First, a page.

Cloning San Diego Zoo Wildlife Alliance
Ollie the Przewalski’s horse. Photo credit: @sandiegozoo via X, or Twitter

San Diego Zoo Safari Park is now home to the world’s second cloned Przewalski’s horse, a critically endangered species once thought extinct, it was announced Thursday.

The foal, born Feb. 17, 2023, and his surrogate mother, a domestic quarterhorse, were recently moved from his birthplace at the ViaGen Pets & Equine cloning facility in Texas so he can learn how to be a wild horse from his own species, according to a statement from the zoo.

The foal was given the name “Ollie” in honor of Dr. Oliver Ryder, director of Conservation Genetics at San Diego Zoo Wildlife Alliance. Ryder began his career at the zoo in 1975 under the guidance of Dr. Kurt Benirschke, who was instrumental in founding the conservation research program at the alliance.

“It is an honor to have studied and worked with so many others on the conservation of this special animal and to see come alive the possibility of using advanced genetic and reproductive technologies to sustain resilient populations in human care and in their native habitat,” Ryder said.

The world’s first cloned Przewalski’s horse, Kurt – named after Benirschke and also living at the Safari Park – is the genetic twin of Ollie, as he was born in August 2020 from the same stallion’s living cell line.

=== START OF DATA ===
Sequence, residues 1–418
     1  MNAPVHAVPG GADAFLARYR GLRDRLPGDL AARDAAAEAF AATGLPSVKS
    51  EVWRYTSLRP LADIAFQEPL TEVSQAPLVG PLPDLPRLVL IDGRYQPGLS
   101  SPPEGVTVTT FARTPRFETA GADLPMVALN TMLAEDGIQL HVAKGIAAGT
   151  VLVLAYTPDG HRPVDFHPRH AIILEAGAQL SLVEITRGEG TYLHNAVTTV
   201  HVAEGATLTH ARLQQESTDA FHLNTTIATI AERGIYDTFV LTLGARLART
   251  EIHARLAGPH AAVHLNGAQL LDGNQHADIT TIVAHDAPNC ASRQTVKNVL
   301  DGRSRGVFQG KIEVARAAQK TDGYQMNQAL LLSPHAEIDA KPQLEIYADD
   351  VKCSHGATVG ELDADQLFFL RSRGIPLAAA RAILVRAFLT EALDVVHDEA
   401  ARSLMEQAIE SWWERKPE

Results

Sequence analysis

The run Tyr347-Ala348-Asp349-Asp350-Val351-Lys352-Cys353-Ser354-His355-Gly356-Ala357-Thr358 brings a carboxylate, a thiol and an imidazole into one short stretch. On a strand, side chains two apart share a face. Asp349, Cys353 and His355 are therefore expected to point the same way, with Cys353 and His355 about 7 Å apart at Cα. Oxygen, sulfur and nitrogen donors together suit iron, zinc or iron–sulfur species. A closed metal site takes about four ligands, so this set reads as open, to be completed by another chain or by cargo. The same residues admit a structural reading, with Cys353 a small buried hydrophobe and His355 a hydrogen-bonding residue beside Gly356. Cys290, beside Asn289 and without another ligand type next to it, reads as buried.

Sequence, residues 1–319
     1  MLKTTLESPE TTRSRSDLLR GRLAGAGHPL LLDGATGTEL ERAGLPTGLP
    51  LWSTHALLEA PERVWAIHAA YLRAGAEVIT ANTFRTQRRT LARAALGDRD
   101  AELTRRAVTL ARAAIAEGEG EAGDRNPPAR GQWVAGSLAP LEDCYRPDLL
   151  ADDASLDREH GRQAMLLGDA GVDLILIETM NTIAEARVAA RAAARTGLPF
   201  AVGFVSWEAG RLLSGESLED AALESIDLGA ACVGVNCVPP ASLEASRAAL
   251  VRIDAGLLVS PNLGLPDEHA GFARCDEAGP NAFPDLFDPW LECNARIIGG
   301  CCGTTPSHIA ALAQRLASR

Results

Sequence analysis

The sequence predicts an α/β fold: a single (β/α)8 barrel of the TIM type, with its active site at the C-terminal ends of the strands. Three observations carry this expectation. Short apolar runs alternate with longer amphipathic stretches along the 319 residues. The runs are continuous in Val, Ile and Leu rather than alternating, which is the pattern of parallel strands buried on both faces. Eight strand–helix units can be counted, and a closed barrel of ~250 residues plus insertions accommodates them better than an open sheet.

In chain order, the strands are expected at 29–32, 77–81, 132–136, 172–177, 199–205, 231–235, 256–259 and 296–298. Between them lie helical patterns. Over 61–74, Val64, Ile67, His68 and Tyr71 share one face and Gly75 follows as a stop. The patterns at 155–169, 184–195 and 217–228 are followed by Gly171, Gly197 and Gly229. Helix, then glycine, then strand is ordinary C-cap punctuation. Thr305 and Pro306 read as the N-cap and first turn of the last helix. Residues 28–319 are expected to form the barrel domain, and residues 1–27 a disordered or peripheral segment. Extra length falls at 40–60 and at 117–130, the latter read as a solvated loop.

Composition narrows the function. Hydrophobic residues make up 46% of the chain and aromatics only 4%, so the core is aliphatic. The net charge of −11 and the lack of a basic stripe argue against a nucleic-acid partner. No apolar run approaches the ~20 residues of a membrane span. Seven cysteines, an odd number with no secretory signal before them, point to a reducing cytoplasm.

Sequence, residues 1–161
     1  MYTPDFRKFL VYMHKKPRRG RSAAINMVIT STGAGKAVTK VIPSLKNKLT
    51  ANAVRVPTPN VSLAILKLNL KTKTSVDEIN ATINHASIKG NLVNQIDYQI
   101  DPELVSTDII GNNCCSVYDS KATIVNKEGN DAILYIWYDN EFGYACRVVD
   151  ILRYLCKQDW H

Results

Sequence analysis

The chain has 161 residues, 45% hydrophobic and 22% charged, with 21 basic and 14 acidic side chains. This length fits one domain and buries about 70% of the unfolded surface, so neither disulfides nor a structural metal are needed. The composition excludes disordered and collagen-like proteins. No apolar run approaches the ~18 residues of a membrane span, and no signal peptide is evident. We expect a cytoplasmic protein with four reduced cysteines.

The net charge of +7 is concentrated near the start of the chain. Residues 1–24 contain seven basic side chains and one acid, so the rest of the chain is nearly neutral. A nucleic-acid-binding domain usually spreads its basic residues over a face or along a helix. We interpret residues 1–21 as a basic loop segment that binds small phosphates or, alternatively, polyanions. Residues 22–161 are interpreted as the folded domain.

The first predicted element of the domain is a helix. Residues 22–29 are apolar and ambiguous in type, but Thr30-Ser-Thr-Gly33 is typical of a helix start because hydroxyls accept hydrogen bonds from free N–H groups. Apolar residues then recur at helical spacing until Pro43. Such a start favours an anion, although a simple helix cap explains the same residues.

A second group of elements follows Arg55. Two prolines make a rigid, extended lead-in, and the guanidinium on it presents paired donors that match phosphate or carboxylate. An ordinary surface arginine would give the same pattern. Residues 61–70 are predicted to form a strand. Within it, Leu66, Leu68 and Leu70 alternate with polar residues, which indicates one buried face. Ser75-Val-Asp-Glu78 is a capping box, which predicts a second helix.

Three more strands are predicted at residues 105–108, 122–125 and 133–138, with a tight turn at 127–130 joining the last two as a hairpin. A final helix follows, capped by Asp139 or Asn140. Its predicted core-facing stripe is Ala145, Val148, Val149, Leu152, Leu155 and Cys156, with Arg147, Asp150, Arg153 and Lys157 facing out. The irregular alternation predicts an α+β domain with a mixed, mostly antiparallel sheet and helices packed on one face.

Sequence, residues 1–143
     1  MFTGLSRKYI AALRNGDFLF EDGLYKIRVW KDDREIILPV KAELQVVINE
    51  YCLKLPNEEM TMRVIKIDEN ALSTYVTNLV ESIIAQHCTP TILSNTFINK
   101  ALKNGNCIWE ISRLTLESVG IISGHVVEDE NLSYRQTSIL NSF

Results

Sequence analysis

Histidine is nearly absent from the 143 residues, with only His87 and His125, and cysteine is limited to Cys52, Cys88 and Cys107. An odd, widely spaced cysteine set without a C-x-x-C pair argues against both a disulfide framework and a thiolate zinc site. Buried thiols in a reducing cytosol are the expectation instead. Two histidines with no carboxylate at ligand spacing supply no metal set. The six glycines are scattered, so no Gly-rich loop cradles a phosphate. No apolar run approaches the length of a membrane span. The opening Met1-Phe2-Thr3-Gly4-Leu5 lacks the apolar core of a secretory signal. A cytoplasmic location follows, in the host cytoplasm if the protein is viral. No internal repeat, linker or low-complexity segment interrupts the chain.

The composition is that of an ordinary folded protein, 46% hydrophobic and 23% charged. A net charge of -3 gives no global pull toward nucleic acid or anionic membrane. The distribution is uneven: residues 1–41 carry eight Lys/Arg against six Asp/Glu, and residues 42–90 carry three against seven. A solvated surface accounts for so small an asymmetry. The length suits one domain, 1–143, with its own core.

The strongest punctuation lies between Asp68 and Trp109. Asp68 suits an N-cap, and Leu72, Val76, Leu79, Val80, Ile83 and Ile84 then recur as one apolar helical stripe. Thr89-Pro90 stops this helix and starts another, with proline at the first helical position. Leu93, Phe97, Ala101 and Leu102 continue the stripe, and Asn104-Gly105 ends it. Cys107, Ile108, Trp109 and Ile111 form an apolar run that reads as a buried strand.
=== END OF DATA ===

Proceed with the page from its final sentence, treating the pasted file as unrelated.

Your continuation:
That cell line was cryopreserved more than 40 years ago in the Frozen Zoo of the wildlife alliance’s Biodiversity Bank.

Formerly extinct in the wild, the species has survived for the past 40 years almost entirely in zoos. Nearly all of the surviving horses are related to just 12 Przewalski’s horses born in native habitats, the zoo said.

The species has since been reintroduced to its native grasslands in China and Mongolia, but scientists say there is more work to be done to ensure genetic variation and the species’ survival.

Przewalski’s horses normally live in groups, where a youngster secures their place in the herd from their mother. Because Ollie was born to a domestic horse, he has not had experience with other Przewalski’s horses.

“Eventually, San Diego Zoo Safari Park wildlife care experts will work to ensure he gains the unique behavioral language he will need to interact and thrive among the larger herd of Przewalski’s horses at the Safari Park, including Kurt,” a wildlife alliance statement said.

Kurt is learning the language of being a wild horse from his companion, Holly, a young female of his own species. Eventually, officials said, they plan for Kurt and Ollie to become breeding stallions. They will reach maturity at about 4 years of age.

Ollie and his surrogate mother will temporarily live in a secluded, private habitat off view from guests, until he is ready to be introduced to other horses of the species.

Safari Park guests may see Kurt and Holly in the park’s Central Asia field habitat.

– City News Service